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Writers on Writing: Ten Tips for Finding the Right Words

Revising for Precise Language

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Writers on Writing: Ten Tips for Finding the Right Words

Gustave Flaubert (1821-1880)

Finding the right word--le mot juste--was a lifelong quest for French novelist Gustave Flaubert:

Whatever you want to say, there is only one word that will express it, one verb to make it move, one adjective to qualify it. You must seek that word, that verb, that adjective, and never be satisfied with approximations, never resort to tricks, even clever ones, or to verbal pirouettes to escape the difficulty.
(letter to Guy de Maupassant)
A perfectionist (who happened to have an independent income), Flaubert would spend days worrying over a single sentence until he got the words just right.

Most of us, I suspect, don't have that kind of time available. As a result, we often have to be "satisfied with approximations" when drafting. Near synonyms and almost-right words, like temporary bridges, let us move on to the next sentence before a deadline arrives.

Nonetheless, converting inexact words to precise ones remains a critical part of revising our drafts--a process that can't be reduced to one simple method or clever trick. Here are ten points worth considering the next time you find yourself in search of the right word.


  1. Be Patient
    In revising, if the right word is not at hand, run a search, sort, select process through your mind to see if you can find it. (Even then, a word may be elusive, refusing to emerge from the mind one day only to arise from the subconscious the next.) . . . Be prepared to rewrite today what you revised yesterday. Above all, be patient: take the time to select words that will transfer your exact thought to the mind of a reader.
    (May Flewellen McMillan, The Shortest Way to the Essay: Rhetorical Strategies. Mercer University Press, 1984)

  2. Wear Out Your Dictionary
    Once you have a dictionary, use it! Wear it out! . . .

    When you sit down to write and need a particular word, pause to consider the key ideas you want to convey. Start with a word that's in the ballpark. Look it up and go from there, exploring synonyms, roots, and usage notes. Many's the time a usage note in the American Heritage Dictionary has led me to the word that fits, much as the right jigsaw puzzle piece slips into place.
    (Jan Venolia, The Right Word!: How to Say What You Really Mean. Ten Speed Press, 2003)

  3. Recognize Connotations
    Do not be fooled into thinking you can substitute one word for another simply because a thesaurus groups them together under a single entry. The thesaurus will do you little good unless you are familiar with the connotations of possible synonyms for a given word. "Portly," "chubby," "chunky," "heavy," "overweight," "stocky," "plump," and "obese" are all possible synonyms for "fat," but they are not interchangeable. . . . Your task is to select the word that conveys most accurately the precise shade of meaning or feeling you intend.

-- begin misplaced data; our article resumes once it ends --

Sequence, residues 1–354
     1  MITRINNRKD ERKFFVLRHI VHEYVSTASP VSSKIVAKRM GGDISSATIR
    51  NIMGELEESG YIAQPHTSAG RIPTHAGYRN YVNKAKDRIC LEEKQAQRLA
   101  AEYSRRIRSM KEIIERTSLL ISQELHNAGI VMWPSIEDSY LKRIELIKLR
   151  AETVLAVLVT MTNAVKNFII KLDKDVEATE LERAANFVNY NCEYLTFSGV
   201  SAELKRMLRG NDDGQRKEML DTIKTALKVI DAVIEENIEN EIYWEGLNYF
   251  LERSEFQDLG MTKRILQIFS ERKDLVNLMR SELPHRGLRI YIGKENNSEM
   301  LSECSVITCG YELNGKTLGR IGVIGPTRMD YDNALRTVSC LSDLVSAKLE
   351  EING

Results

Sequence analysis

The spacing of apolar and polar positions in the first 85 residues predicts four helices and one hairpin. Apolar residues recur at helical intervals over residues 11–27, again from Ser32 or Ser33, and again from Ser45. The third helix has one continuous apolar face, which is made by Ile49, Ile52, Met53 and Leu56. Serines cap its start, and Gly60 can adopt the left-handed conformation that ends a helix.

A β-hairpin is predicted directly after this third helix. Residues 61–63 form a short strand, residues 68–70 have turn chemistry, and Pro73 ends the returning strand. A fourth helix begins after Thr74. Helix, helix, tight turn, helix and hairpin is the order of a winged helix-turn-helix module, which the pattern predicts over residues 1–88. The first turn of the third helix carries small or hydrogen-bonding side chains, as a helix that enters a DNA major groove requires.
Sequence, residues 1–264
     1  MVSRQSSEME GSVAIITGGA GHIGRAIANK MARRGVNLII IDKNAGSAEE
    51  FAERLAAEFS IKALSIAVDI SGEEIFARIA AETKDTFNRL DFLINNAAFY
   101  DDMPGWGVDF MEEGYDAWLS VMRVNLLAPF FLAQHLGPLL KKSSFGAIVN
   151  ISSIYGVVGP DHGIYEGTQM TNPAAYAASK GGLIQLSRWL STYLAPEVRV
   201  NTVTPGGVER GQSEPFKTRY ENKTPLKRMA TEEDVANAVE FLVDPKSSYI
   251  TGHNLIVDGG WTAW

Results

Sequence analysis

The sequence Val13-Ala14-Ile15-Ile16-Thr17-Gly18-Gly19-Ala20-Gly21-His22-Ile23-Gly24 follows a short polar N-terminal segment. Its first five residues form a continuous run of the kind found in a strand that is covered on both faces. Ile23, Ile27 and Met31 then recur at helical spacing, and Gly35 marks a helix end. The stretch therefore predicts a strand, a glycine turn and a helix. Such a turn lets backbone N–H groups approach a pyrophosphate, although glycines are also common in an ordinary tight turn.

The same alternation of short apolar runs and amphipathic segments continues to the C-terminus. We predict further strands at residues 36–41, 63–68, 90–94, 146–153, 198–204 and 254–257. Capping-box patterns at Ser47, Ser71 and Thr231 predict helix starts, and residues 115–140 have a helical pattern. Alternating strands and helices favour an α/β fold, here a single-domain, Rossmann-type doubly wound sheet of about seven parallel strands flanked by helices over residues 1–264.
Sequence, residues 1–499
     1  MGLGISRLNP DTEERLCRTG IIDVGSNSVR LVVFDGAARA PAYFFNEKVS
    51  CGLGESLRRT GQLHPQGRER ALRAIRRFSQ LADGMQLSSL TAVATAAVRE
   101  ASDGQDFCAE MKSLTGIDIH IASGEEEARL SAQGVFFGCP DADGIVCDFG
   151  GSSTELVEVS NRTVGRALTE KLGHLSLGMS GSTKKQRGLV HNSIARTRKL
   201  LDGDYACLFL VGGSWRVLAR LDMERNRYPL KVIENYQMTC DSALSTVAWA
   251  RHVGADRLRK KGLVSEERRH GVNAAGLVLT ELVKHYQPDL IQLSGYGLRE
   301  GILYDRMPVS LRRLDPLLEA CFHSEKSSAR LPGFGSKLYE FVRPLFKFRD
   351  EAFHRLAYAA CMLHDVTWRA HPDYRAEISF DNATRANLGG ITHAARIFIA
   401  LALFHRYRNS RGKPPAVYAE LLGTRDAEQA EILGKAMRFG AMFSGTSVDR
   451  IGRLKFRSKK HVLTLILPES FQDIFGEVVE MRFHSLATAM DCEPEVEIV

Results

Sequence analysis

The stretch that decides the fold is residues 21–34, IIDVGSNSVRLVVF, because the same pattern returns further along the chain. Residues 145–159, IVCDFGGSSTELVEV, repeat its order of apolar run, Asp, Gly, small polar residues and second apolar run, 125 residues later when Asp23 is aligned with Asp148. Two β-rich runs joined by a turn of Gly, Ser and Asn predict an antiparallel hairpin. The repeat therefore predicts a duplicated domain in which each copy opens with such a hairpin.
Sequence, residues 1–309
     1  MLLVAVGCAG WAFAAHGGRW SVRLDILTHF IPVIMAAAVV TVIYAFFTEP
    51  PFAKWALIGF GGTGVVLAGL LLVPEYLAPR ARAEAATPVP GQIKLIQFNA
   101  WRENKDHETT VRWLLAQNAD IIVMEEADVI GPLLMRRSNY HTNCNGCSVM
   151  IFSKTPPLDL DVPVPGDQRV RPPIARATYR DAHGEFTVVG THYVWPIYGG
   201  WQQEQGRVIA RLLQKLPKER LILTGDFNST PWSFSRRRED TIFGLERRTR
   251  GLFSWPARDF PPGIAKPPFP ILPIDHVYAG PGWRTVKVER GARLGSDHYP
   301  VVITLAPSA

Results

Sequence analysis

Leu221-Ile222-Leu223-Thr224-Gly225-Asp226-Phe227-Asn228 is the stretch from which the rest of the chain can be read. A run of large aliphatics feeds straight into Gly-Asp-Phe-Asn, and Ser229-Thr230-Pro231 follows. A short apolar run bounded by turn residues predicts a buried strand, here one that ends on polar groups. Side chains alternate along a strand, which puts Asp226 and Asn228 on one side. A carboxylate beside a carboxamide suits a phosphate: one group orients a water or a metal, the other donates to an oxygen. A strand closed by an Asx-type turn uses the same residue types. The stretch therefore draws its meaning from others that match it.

(Peter G. Beidler, Writing Matters. Coffeetown Press, 2010)

  4. Put Away Your Thesaurus
    Using a thesaurus will not make you look smarter. It will only make you look like you are trying to look smarter.
    (Adrienne Dowhan et al., Essays That Will Get You Into College, 3rd ed. Barron's, 2009)

  5. Beware of Fancy Language
    There is a difference between vivid language and unnecessarily fancy language. As you search for the particular, the colorful, and the unusual, be careful not to choose words merely for their sound or appearance rather than for their substance. When it comes to word choice, longer is not always better. As a rule, prefer simple, plain language over fancy language. . . .

    Avoid language that seems stilted or unnecessarily formal in favor of language that sounds natural and genuine to your ear. Trust the right word--whether fancy or plain--to do the job.
    (Stephen Wilbers, Keys to Great Writing. Writer's Digest Books, 2000)

  6. Delete Pet Words
    They may be more pests than pets. They are the words you overuse without even knowing it. My own problem words are "very," "just," and "that." Delete them if they're not essential.
    (John Dufresne, The Lie That Tells a Truth. W.W. Norton, 2003)

  7. Eliminate the Wrong Words
    I do not choose the right word. I get rid of the wrong one. Period.
    (A.E. Housman, quoted by Robert Penn Warren in "An Interview in New Haven." Studies in the Novel, 1970)

  8. Listen
    [B]ear in mind, when you're choosing words and stringing them together, how they sound. This may seem absurd: readers read with their eyes. But in fact they hear what they are reading far more than you realize. Therefore such matters as rhythm and alliteration are vital to every sentence.
    (William Zinsser, On Writing Well, 7th ed. HarperCollins, 2006)

  9. Be True
    "How do I know," the sometimes despairing writer asks, "which the right word is?" The reply must be: only you can know. The right word is, simply, the wanted one; the wanted word is the one most nearly true. True to what? Your vision and your purpose.
    (Elizabeth Bowen, Afterthought: Pieces About Writing, 1962)

  10. Enjoy
    [P]eople often forget that the sheer joy of finding the right word which expresses a thought is extraordinary, an emotional rush of an intense kind.
    (playwright Michael Mackenzie, quoted by Eric Armstrong, 1994)

Is the struggle to find the right word truly worth the effort? Mark Twain thought so. "The difference between the almost-right word & the right word is really a large matter," he once said. "It's the difference between the lightning-bug & the lightning."

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